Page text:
Benzo[a]pyrene induces the transcription of cyclooxygenase-2 in vascular smooth muscle cells. Evidence for the involvement of extracellular signal- regulated kinase and NF-κB
Adipose Tissue, White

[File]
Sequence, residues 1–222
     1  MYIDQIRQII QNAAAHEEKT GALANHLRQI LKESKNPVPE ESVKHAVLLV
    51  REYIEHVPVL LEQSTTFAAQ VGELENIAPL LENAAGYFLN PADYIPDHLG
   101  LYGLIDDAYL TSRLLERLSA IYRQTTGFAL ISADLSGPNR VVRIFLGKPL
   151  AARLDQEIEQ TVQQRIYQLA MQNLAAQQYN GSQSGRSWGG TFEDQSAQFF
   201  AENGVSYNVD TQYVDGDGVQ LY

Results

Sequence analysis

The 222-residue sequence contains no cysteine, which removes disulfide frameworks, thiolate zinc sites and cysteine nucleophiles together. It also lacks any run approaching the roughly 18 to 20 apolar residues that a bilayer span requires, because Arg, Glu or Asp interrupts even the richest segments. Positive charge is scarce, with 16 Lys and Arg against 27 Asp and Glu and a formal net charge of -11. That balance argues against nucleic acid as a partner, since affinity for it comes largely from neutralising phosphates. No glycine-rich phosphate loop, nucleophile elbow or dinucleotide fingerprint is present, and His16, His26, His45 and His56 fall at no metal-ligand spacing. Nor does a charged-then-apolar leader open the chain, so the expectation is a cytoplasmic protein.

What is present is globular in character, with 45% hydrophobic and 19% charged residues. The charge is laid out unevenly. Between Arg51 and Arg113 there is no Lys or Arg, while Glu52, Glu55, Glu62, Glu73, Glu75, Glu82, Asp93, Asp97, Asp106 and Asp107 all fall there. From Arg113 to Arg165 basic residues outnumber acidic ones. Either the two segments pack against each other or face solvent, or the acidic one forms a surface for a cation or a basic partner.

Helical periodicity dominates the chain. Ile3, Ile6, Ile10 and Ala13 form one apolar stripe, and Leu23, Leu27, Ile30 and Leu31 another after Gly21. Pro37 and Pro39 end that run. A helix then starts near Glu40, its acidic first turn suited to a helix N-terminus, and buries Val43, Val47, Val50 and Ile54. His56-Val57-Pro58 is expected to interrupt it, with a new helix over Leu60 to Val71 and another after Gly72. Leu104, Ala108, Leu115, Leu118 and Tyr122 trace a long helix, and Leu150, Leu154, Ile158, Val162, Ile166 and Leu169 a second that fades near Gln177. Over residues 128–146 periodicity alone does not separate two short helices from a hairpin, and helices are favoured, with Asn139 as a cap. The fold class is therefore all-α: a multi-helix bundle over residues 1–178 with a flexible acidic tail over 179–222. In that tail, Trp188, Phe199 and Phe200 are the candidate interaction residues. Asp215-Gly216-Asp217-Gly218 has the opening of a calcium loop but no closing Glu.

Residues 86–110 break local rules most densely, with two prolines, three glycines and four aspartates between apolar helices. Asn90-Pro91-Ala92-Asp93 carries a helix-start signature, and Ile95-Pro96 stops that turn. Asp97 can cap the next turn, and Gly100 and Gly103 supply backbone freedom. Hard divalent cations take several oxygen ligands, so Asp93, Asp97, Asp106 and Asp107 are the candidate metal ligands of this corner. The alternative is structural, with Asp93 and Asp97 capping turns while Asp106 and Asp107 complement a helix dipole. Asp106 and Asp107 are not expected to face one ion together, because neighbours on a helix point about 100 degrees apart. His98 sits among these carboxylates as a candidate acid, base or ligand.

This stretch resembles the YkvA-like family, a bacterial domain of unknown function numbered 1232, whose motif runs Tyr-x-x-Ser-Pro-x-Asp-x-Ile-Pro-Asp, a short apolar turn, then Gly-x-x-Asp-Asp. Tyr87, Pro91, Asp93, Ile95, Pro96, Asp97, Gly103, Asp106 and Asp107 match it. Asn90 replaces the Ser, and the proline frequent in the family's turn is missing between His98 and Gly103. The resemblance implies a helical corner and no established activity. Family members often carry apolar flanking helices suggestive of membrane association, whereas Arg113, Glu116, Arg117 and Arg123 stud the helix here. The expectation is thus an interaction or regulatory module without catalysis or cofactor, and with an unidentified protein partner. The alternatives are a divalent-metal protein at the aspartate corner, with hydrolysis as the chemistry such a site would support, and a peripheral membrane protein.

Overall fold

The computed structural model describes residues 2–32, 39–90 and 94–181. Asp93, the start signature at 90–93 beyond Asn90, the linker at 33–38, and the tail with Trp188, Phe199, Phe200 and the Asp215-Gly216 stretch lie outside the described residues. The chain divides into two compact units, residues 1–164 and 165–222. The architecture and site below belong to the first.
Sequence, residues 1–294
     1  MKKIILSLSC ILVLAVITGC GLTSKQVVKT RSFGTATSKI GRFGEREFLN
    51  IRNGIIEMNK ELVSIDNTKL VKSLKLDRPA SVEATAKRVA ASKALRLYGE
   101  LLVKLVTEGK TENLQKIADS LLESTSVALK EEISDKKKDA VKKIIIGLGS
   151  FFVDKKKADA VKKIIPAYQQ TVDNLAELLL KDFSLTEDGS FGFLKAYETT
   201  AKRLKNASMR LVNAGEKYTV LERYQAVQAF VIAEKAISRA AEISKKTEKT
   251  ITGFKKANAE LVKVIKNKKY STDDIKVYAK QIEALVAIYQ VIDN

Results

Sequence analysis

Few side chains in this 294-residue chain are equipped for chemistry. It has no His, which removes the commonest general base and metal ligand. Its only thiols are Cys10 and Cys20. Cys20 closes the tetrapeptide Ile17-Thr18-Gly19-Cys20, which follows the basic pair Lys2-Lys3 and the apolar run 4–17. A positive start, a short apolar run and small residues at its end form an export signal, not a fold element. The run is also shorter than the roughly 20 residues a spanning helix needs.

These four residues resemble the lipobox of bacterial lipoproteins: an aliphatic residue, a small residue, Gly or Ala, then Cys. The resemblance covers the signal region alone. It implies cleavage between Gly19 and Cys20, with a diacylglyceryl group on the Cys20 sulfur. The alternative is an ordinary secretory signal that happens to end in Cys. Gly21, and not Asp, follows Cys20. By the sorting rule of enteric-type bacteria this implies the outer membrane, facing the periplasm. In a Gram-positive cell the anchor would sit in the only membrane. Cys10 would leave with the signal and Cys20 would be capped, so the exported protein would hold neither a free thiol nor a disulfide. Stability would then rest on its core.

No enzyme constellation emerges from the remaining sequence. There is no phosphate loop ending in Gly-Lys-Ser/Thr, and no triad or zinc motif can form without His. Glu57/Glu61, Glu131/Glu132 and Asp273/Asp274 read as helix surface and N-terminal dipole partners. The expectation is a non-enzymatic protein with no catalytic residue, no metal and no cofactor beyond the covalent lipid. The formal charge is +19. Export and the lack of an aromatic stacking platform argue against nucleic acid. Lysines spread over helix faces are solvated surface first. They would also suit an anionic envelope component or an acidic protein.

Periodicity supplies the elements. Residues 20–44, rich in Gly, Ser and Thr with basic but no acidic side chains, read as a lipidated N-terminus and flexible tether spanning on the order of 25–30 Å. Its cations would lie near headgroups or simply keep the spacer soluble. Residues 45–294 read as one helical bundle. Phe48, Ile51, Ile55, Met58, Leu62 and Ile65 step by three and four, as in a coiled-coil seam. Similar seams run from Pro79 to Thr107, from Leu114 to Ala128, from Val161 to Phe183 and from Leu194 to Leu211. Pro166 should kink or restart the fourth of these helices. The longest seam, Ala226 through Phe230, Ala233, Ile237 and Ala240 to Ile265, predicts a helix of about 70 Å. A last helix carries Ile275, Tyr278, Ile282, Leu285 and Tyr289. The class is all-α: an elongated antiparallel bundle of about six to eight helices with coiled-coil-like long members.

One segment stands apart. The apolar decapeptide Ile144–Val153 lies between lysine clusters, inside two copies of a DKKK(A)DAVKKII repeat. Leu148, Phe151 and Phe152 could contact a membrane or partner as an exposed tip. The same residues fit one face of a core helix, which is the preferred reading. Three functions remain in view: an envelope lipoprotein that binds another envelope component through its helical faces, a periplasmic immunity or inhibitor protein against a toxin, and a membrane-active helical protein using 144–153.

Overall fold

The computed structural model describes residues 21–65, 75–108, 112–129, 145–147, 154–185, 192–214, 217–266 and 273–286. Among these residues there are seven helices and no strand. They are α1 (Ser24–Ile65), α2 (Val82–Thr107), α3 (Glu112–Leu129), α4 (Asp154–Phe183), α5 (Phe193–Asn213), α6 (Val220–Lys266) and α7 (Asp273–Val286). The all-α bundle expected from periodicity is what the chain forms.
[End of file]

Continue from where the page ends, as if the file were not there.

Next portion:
Polycyclic aromatic hydrocarbons, such as benzo[a]pyrene (B[a]P) present in tobacco smoke and tar, have been implicated in the development of atherosclerosis as well as cancer. Increased expression of cyclooxygenase-2 (COX-2) has been detected both in atherosclerotic lesions and in epithelial cancers. To determine whether polycyclic aromatic hydrocarbons might directly affect COX expression in vascular cells, we investigated the effects of B[a]P on COX-2 expression in human and rat arterial smooth muscle cells (SMC). Treatment with B[a]P increased levels of COX-2 protein and mRNA and enhanced prostaglandin synthesis. Nuclear runoff assays and transient transfections revealed increased COX-2 gene transcription after treatment with B[a]P. Experiments were done to define the signaling mechanism by which B[a]P induced COX-2. B[a]P caused a rapid increase in phosphorylation of extracellular signal-regulated kinase (ERK); pharmacologic inhibition of mitogen-activated protein kinase kinase blocked B[a]P-mediated induction of COX-2. Depletion of the intracellular antioxidant, glutathione, with buthionine sulfoximine significantly increased B[a]P-mediated induction of COX-2 while exposure to N-acetylcysteine, a precursor of glutathione, suppressed the induction of COX-2 by B[a]P. Several lines of evidence suggest that the induction of COX-2 by B[a]P is mediated, at least in part, by NF-kappaB. Treatment with B[a]P increased binding of NF-kappaB to DNA. Moreover, B[a]P-mediated stimulation of COX-2 promoter activity was blocked when a construct containing a mutagenized NF-kappaB site was used. Pharmacological inhibitors of NF-kappaB blocked the induction of COX-2 protein and the stimulation of COX-2 promoter activity by B[a]P. Taken together, these data are likely to be important for understanding the atherogenic effects of tobacco smoke.